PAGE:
Matthew Breems: So the American industrial complex rolls on. In your opinion, what do you think activism needs to look like right now to counteract them?
Bill Ehrhart: I think humanity is in serious trouble. I think things are going to get uglier and uglier and I don’t know where it’s going to end, but I don’t see a happy ending to the story of the human race, let alone the story of my country. But as I said, I do what I do not because I think it’s going to matter, but because it’s what I have to do. And I might be wrong. My prognosis for the future might be wrong. I hope it is. I’ve certainly spent 18 years teaching kids, who are at the beginning of their lives, on the assumption that I’m wrong, that things aren’t as bad as I think they are. What’s the solution? I do not picture enough people in this country realizing the danger we’re in before it’s too late. Now that’s not a very cheerful thing to say to your audience out there.
Bill Ehrhart: I mean again, I don’t know how to answer your question except that I do what I can do. I actually took out my recycled trash this morning and I dumped it into the recycle bin and I brought back the paper bag. How much difference is one lousy paper bag going to make? Probably nothing. I mean it’s nothing, but I do that because it’s something I can do and that’s one less bag going into the trash. Same thing with activism, with anti-war work, with political work, you do what you can do and that’s all you can do. Each individual has to do what he or she can do, what he or she thinks needs to be done and is within their power to do. And beyond that, that’s it. That’s all you can do.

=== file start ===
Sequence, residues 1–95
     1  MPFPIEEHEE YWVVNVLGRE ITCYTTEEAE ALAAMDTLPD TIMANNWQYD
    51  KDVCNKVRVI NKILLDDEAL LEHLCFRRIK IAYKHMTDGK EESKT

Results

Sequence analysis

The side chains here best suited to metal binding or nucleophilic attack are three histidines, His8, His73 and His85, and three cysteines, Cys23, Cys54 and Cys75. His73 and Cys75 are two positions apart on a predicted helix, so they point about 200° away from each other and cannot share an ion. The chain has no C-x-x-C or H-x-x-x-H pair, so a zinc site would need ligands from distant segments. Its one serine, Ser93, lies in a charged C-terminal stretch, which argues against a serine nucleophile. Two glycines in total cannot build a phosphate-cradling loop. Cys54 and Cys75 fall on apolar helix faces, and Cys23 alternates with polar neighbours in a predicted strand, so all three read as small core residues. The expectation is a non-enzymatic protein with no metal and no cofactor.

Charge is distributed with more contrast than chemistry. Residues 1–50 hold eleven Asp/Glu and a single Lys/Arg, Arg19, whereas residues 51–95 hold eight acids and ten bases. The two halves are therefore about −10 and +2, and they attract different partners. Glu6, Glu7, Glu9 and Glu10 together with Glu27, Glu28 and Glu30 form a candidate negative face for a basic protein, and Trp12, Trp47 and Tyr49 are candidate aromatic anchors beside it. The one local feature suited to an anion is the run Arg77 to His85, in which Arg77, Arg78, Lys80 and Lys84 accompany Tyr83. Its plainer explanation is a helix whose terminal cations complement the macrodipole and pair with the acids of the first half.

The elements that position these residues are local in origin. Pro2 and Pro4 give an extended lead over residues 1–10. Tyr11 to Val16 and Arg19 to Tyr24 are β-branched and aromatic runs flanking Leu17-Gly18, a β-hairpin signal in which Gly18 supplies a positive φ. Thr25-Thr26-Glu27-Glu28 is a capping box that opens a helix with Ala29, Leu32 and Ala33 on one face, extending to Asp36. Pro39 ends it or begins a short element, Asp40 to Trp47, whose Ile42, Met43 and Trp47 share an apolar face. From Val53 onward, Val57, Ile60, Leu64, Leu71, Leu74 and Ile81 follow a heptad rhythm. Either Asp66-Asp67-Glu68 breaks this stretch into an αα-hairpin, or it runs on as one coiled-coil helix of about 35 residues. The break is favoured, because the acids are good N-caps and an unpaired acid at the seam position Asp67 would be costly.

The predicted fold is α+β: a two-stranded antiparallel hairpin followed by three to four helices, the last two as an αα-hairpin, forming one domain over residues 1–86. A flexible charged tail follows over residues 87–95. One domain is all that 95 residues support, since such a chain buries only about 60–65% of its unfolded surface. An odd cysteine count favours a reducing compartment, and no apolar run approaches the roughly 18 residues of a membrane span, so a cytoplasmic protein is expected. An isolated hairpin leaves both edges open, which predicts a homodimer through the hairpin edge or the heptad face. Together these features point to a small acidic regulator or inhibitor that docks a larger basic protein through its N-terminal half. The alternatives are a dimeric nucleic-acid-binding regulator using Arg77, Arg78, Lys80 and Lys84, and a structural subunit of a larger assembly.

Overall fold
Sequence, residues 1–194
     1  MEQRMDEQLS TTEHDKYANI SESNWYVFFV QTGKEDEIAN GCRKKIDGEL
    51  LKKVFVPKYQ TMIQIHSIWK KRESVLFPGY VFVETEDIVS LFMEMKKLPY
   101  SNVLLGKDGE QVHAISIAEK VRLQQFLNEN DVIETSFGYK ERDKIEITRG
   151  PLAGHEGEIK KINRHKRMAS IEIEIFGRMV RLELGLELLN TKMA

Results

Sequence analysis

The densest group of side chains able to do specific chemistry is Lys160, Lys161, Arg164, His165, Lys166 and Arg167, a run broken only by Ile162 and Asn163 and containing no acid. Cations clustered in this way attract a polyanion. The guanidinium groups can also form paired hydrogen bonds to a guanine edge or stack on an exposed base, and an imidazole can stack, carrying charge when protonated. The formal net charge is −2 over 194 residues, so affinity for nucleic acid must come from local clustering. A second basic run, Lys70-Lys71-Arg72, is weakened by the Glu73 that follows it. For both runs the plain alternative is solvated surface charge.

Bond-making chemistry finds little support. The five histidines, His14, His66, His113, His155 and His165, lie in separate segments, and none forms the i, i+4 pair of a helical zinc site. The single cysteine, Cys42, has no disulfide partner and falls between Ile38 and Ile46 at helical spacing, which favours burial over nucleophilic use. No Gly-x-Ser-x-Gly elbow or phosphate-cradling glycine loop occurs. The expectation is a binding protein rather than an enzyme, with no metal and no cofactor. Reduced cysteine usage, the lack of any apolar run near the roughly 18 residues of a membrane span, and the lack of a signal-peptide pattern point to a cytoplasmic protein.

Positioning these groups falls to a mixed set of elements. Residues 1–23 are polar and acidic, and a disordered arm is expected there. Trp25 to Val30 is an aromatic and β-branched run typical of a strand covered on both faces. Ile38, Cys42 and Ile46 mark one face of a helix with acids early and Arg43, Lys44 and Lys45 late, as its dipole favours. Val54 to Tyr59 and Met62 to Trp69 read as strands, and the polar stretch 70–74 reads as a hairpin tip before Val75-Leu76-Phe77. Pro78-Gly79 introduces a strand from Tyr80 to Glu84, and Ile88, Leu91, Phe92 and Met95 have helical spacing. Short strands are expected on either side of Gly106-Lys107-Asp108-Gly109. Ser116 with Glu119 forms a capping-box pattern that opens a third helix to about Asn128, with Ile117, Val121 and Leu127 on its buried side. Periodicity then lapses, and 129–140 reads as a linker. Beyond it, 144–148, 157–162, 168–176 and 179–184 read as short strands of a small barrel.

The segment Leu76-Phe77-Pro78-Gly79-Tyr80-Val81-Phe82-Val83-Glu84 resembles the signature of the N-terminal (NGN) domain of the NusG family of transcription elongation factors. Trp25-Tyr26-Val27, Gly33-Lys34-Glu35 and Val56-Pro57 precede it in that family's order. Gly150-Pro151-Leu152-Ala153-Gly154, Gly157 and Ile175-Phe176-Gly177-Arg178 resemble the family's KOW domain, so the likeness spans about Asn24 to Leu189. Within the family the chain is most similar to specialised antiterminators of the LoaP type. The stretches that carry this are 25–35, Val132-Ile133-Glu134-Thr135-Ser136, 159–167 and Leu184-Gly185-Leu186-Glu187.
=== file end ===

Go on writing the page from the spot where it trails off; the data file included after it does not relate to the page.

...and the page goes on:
Matthew Breems: Well before we wrap up our conversation here, would you please share one of your poems with us?
Bill Ehrhart: Well, I’ll leave you with one poem that I rather like. I wrote it many, many, many years ago and it’s very short. It’s called Making the Children Behave. “Do they think of me now in those strange Asian villages where nothing ever seemed quite human, but myself and my few grim friends moving through them hunched in lines. When they tell stories to their children of the evil that awaits misbehavior, is it me they conjure?”
Matthew Breems: This Courage to Resist podcast was produced in collaboration with the Vietnam Full Disclosure effort of Veterans For Peace. This year marks 50 years of GI resistance to the US war in Vietnam, in and out of uniform, for many of the courageous individuals featured. This episode was recorded and edited by Matthew Breems. Special thanks to executive producer Jeff Paterson. Visit vietnamfulldisclosure.org and couragetoresist.org for past episodes, more information, and to offer your support.